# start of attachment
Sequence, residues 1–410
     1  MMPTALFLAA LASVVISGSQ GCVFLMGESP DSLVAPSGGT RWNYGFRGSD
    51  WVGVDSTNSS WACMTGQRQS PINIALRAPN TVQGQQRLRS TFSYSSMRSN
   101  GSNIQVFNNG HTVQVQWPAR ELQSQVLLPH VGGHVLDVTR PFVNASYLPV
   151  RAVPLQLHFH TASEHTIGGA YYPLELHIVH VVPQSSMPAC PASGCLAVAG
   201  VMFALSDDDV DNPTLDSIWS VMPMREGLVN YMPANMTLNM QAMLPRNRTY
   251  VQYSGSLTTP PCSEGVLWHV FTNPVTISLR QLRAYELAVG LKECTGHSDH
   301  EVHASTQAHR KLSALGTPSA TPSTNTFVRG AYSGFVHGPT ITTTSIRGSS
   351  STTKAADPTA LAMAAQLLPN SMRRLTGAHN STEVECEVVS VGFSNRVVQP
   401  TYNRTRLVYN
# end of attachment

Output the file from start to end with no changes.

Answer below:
Sequence, residues 1–410
     1  MMPTALFLAA LASVVISGSQ GCVFLMGESP DSLVAPSGGT RWNYGFRGSD
    51  WVGVDSTNSS WACMTGQRQS PINIALRAPN TVQGQQRLRS TFSYSSMRSN
   101  GSNIQVFNNG HTVQVQWPAR ELQSQVLLPH VGGHVLDVTR PFVNASYLPV
   151  RAVPLQLHFH TASEHTIGGA YYPLELHIVH VVPQSSMPAC PASGCLAVAG
   201  VMFALSDDDV DNPTLDSIWS VMPMREGLVN YMPANMTLNM QAMLPRNRTY
   251  VQYSGSLTTP PCSEGVLWHV FTNPVTISLR QLRAYELAVG LKECTGHSDH
   301  EVHASTQAHR KLSALGTPSA TPSTNTFVRG AYSGFVHGPT ITTTSIRGSS
   351  STTKAADPTA LAMAAQLLPN SMRRLTGAHN STEVECEVVS VGFSNRVVQP
   401  TYNRTRLVYN